The regional government of Catalonia (Generalitat) has introduced two big regulatory changes to the housing sector that industry insiders warn will reduce investment, encourage squatting, drive up housing costs, and foment a black market.
Decree 17/2019, described as “urgent measures to improve access to housing” has already been approved by nationalist and socialist parties in the regional parliament. Amongst other things, it forces investors to provide accomodation to squatters for five to seven years if they have occupied their properties for six months or more, and imposes a social housing quota of 40% on all new developments in the Barcelona area, up from a current 30%. It also prepares the legal ground for rent controls based on a reference rental price index.
Decree 1/2020 creates a category of “empty housing” that can be requisitioned after two years even when occupied by squatters for six months, condeming investors to housing squatters for many years. Thanks to this decree, yet to be approved by the regional parliament, financial institutions and investors who own properties that are empty as the result of foreclosure, dation settlements, or evictions, could be obliged to accommodate squatters for five to seven years. It’s an invitation to squat for six months, and get someone else to pay your housing costs after that.
The Council of Statutory Guarantees, El Consejo de Garantías Estatutarias (CGE) in Spanish, the body responsible for ensuring that laws are constitutional, has said the new law violates property rights by supporting squatters. In particular it says that it “legalises” squatting “under the influence of Podemos” – a hard left party and junior coalition party in the central government in Madrid. The Generalitat says it will press ahead with these new decrees regardless of constitutional problems.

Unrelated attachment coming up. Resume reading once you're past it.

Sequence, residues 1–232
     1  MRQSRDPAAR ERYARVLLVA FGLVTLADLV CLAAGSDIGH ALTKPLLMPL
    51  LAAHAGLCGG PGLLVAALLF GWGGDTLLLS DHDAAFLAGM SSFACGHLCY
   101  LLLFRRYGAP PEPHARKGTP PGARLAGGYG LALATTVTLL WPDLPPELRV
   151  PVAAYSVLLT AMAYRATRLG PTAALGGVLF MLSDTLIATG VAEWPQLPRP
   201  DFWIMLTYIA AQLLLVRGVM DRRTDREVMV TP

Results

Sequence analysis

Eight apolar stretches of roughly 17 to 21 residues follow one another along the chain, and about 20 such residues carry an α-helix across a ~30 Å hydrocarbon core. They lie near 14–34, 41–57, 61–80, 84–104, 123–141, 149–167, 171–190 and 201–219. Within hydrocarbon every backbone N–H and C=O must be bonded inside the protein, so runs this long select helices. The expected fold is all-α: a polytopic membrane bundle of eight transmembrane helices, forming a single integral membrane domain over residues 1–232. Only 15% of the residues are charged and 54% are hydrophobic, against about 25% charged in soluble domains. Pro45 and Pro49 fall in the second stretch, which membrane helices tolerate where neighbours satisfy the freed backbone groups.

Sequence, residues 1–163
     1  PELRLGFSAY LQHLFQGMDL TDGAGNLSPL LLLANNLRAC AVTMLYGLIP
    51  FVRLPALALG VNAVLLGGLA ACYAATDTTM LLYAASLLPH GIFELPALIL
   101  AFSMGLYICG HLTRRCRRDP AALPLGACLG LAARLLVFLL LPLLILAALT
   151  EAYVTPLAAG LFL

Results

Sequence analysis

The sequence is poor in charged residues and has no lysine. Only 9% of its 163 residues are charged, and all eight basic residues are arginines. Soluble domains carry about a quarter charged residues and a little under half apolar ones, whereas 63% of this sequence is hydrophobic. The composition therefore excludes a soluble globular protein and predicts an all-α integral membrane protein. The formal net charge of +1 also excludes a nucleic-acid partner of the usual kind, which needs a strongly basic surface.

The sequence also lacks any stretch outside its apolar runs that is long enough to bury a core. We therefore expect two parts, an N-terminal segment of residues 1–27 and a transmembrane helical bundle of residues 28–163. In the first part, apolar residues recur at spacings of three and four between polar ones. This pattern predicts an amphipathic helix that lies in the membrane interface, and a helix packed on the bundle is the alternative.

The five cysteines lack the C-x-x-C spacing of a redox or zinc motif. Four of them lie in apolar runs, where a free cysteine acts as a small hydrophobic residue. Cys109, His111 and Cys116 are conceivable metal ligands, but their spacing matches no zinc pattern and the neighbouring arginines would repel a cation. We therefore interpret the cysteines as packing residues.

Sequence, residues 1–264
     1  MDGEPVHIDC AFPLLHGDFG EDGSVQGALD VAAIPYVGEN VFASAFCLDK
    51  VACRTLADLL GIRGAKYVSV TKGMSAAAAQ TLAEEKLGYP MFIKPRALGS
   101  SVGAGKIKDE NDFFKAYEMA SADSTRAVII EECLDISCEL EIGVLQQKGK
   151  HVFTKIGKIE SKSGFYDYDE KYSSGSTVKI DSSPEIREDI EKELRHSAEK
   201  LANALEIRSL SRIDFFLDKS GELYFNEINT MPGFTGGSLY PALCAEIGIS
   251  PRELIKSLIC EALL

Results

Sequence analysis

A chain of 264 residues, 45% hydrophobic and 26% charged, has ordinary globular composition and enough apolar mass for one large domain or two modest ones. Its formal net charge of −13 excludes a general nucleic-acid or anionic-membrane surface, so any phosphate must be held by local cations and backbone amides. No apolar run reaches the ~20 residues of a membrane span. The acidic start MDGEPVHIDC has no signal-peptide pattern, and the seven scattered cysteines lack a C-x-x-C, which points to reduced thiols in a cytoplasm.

New Catalan housing laws create total dismay in the industry
The reaction from the housing industry has been one of total dismay. “In Catalonia squatting is not only free but protected by the authorities from now on,” says Fernando Encinar, head of research at the Spanish property portal Idealista. “Catalonia’s international credibility as an investment destination will be badly damaged. It would not be strange to see, in the coming months, fewer new promotions started, lower residential investment, and, in the medium to long terms, higher rental prices, and the emergence of a significant black market.”
Juan Gómez-Pintado, President of the Spanish Association of Developers and Builders (APCE), calls the decree “absolutely pernicious”, and probably illegal. He points out that new development in Barcelona has already fallen 55%, and warns against copying “short term and populist measures” that have failed in other countries and which, in the medium term, are harmful to society.
On the other side of the argument, Lucia Martin, Barcelona’s housing councillor, welcomed the decree. “However, we still need to regulate [rental] prices,” she said. “Our work here is not done, and we have to continue changing the housing policies of Barcelona.”
It seems that the regional authorities in Catalonia are out to create a ‘hostile environment’ towards property investment and ownership.